Food Allergies Ruining Your Holiday Plans? Fork It!

Making Mealtime TraditionsThe holidays are upon us- creeping up around the corner and taunting us, reminding us that food shall be everywhere soon. If your kids have food allergies, do you hide? Do you stay home and make your own safe feast? Or, do you accept someone else’s invitation and imagine that it could be just that simple. Before you gasp and start to list the reasons of why you should not do this, let’s go over the reasons of why you should.

Spreading knowledge I know most of us are up to our eyeballs with how many times we have tried to educate others on living with food allergies. I still stand by my word- knowledge is power. The more that you help others learn about the foods that you can have and the recipes that they can also make easily and safely, the more they will feel empowered to do so. What you do need to remember is that this requires a lot of patience and courage on your part to make sure that all of the safety details are passed on as well.

Bonding time What better way to have an excuse to spend extra time with friends and family than to grab a bunch of food?! Because having food allergies often means extra preparation for those who don’t normally handle food allergies, this is the perfect way to finally catch up and make some edible items. By doing so in a social situation rather than the actual day of a holiday, there is less tension in the air, less worry of serving a meal on time and more chance that the food allergy-free lesson will be remembered.

Eating Because, let’s face it, we all love to eat. Nobody can tell me that the smell of good cooking and great conversation leading to a full belly is a bad thing (as long as it’s done safely). Rather than thinking of all of the reasons not to eat, think of all of the reasons that we should eat. Don’t fear the food- be cautious, be prepared but don’t feel that your life should be limited by a diet that is different. Even with food allergies, you have the ability to indulge.

Learn to enjoy the holidays again Even if you are not at ease with having someone else cooking for you; remember that the holidays are meant to be a time full of joy. Obviously, how you decide to do this is up to you but looking back, do you most remember the bad things or do you cherish the good things? Use your favorite recipes and cook. Plan your menus ahead of time to make it easier on yourself. Start new memories of your own and see how others also begin using your recipes in the coming years.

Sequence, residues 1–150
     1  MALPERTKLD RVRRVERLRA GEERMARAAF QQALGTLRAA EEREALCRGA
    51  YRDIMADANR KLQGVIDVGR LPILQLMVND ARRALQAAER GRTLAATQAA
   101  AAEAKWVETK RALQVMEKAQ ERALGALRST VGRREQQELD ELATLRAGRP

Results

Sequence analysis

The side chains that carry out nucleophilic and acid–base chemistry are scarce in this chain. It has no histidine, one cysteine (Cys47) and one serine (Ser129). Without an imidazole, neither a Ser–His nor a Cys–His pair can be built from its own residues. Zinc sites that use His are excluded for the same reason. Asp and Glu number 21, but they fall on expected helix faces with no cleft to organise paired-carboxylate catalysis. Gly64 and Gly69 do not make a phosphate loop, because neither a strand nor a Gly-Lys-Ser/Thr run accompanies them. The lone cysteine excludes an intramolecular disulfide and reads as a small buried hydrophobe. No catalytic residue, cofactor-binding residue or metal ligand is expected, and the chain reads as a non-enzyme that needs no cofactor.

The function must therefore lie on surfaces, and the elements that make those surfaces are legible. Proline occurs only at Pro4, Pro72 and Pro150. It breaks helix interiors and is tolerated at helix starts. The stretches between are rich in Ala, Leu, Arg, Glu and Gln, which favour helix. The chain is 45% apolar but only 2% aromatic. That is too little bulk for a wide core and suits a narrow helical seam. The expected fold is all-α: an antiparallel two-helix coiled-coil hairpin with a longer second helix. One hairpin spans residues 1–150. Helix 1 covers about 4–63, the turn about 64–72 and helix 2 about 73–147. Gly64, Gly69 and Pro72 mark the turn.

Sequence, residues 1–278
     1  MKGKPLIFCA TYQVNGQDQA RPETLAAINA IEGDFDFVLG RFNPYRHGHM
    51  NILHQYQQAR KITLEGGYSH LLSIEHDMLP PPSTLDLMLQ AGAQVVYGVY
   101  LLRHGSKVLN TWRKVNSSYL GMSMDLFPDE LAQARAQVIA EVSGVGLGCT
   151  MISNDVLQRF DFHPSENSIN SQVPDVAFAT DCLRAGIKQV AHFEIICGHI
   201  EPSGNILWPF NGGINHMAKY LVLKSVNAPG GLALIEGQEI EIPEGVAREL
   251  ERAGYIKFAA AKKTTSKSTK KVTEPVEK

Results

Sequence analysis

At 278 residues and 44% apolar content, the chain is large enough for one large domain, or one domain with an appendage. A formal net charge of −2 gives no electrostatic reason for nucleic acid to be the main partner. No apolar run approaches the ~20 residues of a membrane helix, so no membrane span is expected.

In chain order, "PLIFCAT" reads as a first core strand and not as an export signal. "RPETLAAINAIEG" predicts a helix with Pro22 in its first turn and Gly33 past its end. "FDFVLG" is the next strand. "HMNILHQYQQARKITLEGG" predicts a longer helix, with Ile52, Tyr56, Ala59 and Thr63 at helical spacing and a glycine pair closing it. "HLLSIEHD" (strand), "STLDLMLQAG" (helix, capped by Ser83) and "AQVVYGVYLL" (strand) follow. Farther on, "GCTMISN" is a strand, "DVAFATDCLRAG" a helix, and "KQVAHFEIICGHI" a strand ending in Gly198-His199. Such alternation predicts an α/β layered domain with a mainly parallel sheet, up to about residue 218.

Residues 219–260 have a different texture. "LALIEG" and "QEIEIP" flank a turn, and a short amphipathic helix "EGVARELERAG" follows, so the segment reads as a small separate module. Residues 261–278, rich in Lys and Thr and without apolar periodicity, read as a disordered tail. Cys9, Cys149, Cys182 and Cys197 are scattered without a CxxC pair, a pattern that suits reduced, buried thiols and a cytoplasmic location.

Recreate a food that you always wanted to try but didn’t. Who says that stuffing has to be made from bread? Why does pie have to have milk when there are so many dairy free options to try? Research recipes and products that you can use, add and tweak ingredients and just go for it. The best part if tasting- for you, for your family and you get to lick the spoon.

Celebrate yourself too because you deserve a pat on the back for everything that you do on a daily basis. It’s ok to acknowledge that your life is different from people who do not have food allergies. It’s ok to tell everyone how you had a horrible recipe experience and the food was just awful. This happens to everyone, every day and it’s not just with food allergies- it’s with every single person that cooks anything. Being honest about what you accomplish is a great way to boost your own morale. It’s also another way to encourage others to try some of the foods that can be offered to you at a future gathering.

Enjoy the holidays, eat well and be happy with all that you have been given over the past year. When you invite positive thoughts, more are sure to follow. Don’t put the fork down- pick it up.

Need a new holiday recipe? I am sharing one of my favorite recipes with all of you-

Mahogany Rice & Quinoa Stuffing

  • Gluten Free Stuffing1 Tablespoon Olive Oil
  • 2 Tablespoons Minced Onion
  • 4-5 Apple Chicken Sausage (cut into pieces)
  • Baking Spray
  • 1 1/2 Cups cooked Lundberg Family Farms Black Japonica Rice
  • (cooked in organic chicken broth)
  • 1 1/2 Cups Cooked Quinoa
  • 1 1/2 Teaspoons Rosemary
  • 1/2 – 1 Cup Already Roasted Brussels sprouts*
  • Sea Salt to Taste

*To roast Brussels Sprouts, heat the oven to 400°, chop clean Brussels Sprouts in half and toss with oil, garlic and sea salt. Stir to prevent burning on one side.

  1. Using a medium frying pan, heat the oil using medium heat. Add the onion and sauté. Add the sausage and stir until sausage is browned. Set aside.
  2. Lightly oil a large casserole dish with baking spray. Combine the cooked rice, quinoa and rosemary.
  3. Using a mini chopper, chop the Brussels sprouts until it is in small pieces. Mix into the casserole dish. Next, add the chicken sausage either as bite sized pieces or ground in the mini chopper. Add sea salt to taste. Use this to stuff the turkey or bake at 350° and serve as a side dish.

Makes approximately 6 servings

About the Author

Tracy Bush is the founder and President of Nutrimom, Inc., also known as Nutrimom - Food Allergy Liason, a consulting business that specializes in providing guidance and support for anyone that has been diagnosed with food allergies. Tracy helps others with simple steps, such as finding safe, wholesome foods to supplement allergenic foods, where to shop and how to maximize their budget while adjusting to their dietary change. You can view additional information about what she does as well as her new e-book "The Stepping Stones to Food Allergies" at Tracy is a member of the PedSafe Expert team


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